Egyptian anchor suspended for using “inappropriate language” on air in episode discussing rape

Egyptian anchor Mona Iraqi suspended for using “inappropriate language” on air in episode discussing rape. (Screenshot)
Updated 14 February 2018
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Egyptian anchor suspended for using “inappropriate language” on air in episode discussing rape

CAIRO: Egypt’s Media Council decided to suspend TV anchor Mona Iraqi for using “inappropriate” language during an episode discussing rape.
The Media Council, a regulatory body established by Egyptian President Abdel Fattah el-Sisi in 2016, said it is has detected Iraqi’s “professional and ethical error on air” while addressing the topic of her episode.
The council said she “used inappropriate phrases that contradict ethical and professional values,” which prompted the decision that led to her suspension.
Hours prior to the decision, the channel airing Iraqi’s program launched an investigation into the host’s previous episodes of her show “Entebah” (meaning attention in Arabic).
The channel’s management said that the language used by Iraqi contradicts the channel’s regulations, which adheres to “good values and principles,” adding that they represent “the channel of the Egyptian family” since its launch 15 years ago.
“The Mehwar channel apologizes to the audience for the inappropriate words used by host Mona Iraqi,” it added in the statement.
Iraqi was sentenced to six months in prison in 2015 with a LE10,000 ($565) bail over charges of “defamation” and broadcasting false news over her controversial filming of a bathhouse raid in December 2014.
Although the verdict was canceled in January 2016, the anchor received backlash at the time for cooperating with police to raid the bathhouse, accusing the 26 men inside of “debauchery”, a blanket legal term for homosexual activity.


What We Are Reading Today: Debating War and Peace by Jonathan Mermin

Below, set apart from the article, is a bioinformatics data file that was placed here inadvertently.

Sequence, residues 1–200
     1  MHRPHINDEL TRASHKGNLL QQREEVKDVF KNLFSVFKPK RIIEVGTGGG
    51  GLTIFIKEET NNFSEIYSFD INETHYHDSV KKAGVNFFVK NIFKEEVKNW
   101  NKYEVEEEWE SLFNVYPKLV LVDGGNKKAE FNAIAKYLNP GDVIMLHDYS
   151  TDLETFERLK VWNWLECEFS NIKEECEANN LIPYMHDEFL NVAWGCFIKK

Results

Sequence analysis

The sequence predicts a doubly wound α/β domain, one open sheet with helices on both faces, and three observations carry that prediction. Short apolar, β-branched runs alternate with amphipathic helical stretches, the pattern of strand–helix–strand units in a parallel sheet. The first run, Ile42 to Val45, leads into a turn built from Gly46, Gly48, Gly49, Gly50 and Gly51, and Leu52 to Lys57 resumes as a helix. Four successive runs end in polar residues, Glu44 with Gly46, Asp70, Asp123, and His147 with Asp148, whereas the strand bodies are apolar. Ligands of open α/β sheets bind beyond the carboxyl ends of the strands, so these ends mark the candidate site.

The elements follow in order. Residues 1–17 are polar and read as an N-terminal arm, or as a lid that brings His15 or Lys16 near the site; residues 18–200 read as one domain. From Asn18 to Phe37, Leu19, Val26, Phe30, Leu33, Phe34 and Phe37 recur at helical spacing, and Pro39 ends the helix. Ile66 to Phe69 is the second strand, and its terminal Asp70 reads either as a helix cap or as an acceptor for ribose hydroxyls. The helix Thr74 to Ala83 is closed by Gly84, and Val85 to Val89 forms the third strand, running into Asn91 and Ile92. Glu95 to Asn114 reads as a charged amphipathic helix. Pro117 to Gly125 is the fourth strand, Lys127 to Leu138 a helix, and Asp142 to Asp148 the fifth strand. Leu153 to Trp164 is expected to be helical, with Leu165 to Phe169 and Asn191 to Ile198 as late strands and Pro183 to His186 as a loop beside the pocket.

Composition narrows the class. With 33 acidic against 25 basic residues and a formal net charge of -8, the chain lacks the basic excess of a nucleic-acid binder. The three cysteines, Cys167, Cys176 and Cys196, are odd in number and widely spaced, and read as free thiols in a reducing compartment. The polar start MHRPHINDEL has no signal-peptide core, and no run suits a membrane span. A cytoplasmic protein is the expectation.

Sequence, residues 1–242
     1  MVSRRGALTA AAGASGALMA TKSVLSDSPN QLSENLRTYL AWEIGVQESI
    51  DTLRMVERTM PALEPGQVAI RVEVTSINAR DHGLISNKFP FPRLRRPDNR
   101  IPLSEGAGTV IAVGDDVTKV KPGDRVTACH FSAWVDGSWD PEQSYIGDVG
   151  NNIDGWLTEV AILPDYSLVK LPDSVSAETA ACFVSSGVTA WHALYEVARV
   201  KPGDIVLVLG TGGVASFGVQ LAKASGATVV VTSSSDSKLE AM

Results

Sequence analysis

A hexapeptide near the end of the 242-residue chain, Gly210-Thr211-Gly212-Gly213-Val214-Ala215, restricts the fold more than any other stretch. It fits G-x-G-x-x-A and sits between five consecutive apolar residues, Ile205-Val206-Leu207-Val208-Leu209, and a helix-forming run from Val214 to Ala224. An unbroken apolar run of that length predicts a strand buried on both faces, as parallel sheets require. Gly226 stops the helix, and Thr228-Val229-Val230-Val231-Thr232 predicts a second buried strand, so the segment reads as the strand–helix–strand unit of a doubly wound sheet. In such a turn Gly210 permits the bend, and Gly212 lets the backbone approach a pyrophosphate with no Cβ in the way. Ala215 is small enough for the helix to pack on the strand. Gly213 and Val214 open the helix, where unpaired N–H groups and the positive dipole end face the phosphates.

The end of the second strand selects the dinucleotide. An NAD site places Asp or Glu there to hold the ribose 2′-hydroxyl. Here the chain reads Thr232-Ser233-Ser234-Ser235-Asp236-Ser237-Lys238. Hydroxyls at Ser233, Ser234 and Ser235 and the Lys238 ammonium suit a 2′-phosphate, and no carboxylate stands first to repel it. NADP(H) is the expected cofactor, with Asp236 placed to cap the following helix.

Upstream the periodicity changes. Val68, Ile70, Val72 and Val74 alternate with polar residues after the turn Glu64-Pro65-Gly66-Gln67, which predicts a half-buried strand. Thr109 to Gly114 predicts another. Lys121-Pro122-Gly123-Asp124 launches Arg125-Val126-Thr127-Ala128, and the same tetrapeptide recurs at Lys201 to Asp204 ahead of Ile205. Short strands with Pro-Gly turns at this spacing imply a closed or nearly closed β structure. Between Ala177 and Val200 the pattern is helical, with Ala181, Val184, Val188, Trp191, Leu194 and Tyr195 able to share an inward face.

Updated 15 October 2018
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What We Are Reading Today: Debating War and Peace by Jonathan Mermin

  • Mermin shows that if there is no debate over US policy in Washington, there is no debate in the news
  • The author constructs a new framework for thinking about press-government relations

The First Amendment ideal of an independent press allows American journalists to present critical perspectives on government policies and actions; but are the media independent of government in practice? Here Jonathan Mermin demonstrates that when it comes to military intervention, journalists over the past two decades have let the government itself set the terms and boundaries of foreign policy debate in the news.

Analyzing newspaper and television reporting of US intervention in Grenada and Panama, the bombing of Libya, the Gulf War, and US actions in Somalia and Haiti, he shows that if there is no debate over US policy in Washington, there is no debate in the news. 

Journalists often criticize the execution of US policy, but fail to offer critical analysis of the policy itself if actors inside the government have not challenged it. Mermin ultimately offers concrete evidence of outside-Washington perspectives that could have been reported in specific cases, and explains how the press could increase its independence of Washington in reporting foreign policy news. 

The author constructs a new framework for thinking about press-government relations, based on the observation that bipartisan support for US intervention is often best interpreted as a political phenomenon, not as evidence of the wisdom of US policy. Journalists should remember that domestic political factors often influence foreign policy debate. The media, Mermin argues, should not see a Washington consensus as justification for downplaying critical perspectives.